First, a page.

Empirical Methods for Evaluating Video-Mediated Collaborative Work
Kies, Jonathan K.
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Advancements in computer technology are making video conferencing a viable communication medium for desktop computers. These same advancements are changing the structure and means by which information workers conduct business. From a human factors perspective, however, the study of new communication technologies and their relationships with end users presents a challenging research domain. This study employed two diverse research approaches to the problem of reduced video frame rate in desktop video conferencing. In the first study, a psychophysical method was used to evaluate video image quality as a function of frame rate for a series of different scenes. Scenes varied in terms of level of detail, velocity of panning, and content. Results indicate that for most scenes, differences in frame rate become less detectable above approximately 10 frames per second (fps), suggesting a curvilinear relationship between image quality and frame rate. For a traditional conferencing scene, however, a linear increase in frame rate produced a linear improvement in perceived image quality. High detail scenes were perceived to be of lower quality than the low detail scenes, while panning velocity had no effect. In the second study, a collection of research methods known as ethnography was used to examine long-term use of desktop video by collaborators in a real work situation. Participants from a graduate course met each week for seven weeks and worked on a class project under one of four communication conditions: face-to-face, 1 fps, 10 fps, and 25 fps. Dependent measures included interviews, questionnaires, interaction analysis measures, and ethnomethodology. Recommendations are made regarding the utility and expense of each method with respect to uncovering human factors issues in video-mediated collaboration. It is believed that this research has filled a significant gap in the human factors literature of advanced telecommunications and research methodology.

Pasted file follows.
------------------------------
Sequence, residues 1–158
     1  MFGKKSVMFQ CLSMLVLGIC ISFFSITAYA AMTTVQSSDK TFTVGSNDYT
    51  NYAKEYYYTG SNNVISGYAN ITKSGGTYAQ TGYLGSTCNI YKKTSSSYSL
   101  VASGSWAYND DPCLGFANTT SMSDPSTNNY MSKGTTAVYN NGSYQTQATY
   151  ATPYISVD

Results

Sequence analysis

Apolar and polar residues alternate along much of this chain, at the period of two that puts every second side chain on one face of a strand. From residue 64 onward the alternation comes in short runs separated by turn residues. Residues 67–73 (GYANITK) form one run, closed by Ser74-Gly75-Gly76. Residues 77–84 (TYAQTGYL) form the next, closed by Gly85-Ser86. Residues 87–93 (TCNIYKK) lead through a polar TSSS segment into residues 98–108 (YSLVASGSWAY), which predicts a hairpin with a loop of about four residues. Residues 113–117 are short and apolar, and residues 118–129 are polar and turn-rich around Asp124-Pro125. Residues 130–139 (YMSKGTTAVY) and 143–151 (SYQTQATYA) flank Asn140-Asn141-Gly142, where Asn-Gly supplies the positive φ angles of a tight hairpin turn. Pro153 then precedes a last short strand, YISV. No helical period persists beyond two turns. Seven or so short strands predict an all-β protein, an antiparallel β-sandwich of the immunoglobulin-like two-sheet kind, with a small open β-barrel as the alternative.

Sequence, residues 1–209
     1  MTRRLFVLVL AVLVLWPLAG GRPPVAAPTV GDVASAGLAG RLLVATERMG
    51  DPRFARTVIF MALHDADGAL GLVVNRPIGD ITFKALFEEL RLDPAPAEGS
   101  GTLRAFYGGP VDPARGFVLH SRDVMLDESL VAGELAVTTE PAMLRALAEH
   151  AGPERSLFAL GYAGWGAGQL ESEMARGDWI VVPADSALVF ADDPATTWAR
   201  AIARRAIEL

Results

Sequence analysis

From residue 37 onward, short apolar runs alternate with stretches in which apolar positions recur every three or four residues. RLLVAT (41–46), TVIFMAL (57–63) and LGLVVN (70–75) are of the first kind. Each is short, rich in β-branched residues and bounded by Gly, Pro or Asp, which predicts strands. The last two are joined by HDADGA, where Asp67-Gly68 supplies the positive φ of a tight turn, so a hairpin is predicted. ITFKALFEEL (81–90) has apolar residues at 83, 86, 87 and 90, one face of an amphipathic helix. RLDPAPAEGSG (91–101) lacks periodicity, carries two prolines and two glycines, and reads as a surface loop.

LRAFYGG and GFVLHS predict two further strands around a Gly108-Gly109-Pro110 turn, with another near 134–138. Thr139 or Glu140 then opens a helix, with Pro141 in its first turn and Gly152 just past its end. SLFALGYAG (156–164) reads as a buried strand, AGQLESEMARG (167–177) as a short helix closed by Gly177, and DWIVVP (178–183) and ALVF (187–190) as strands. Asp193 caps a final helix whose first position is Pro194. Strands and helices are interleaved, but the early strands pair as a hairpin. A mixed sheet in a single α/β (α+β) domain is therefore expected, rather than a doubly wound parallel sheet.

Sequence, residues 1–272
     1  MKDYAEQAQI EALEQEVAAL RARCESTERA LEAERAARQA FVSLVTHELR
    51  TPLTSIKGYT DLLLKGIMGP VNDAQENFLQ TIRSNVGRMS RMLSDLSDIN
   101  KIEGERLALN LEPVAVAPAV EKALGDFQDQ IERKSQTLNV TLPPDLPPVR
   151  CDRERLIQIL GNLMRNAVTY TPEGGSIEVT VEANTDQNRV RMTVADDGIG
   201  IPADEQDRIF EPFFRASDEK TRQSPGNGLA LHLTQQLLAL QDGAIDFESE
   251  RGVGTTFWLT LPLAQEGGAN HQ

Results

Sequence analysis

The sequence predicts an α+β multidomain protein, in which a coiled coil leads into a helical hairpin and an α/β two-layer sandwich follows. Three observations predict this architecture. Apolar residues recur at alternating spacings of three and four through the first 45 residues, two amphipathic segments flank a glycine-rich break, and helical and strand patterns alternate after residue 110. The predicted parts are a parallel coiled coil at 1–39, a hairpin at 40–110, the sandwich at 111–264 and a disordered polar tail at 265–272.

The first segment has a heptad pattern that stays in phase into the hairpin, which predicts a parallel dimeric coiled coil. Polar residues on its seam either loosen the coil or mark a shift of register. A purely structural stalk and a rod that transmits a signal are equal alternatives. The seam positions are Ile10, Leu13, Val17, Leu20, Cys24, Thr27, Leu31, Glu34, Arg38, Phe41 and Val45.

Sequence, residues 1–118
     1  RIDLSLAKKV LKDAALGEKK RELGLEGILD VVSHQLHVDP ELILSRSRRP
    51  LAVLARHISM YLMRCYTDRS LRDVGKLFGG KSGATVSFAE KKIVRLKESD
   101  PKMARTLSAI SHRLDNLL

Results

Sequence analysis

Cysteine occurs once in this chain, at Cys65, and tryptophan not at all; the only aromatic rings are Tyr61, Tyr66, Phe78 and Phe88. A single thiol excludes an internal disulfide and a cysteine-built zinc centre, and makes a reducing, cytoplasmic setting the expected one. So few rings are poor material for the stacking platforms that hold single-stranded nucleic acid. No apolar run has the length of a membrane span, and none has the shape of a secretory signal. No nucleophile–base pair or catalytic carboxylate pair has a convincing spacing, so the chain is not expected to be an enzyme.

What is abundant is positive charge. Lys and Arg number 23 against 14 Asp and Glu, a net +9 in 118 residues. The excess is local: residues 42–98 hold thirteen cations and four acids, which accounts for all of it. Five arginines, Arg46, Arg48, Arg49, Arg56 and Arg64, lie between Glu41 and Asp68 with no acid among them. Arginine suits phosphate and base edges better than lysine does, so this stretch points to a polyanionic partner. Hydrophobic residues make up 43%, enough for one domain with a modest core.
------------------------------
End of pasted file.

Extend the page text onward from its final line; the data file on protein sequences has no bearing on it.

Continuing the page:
- Doctoral Dissertations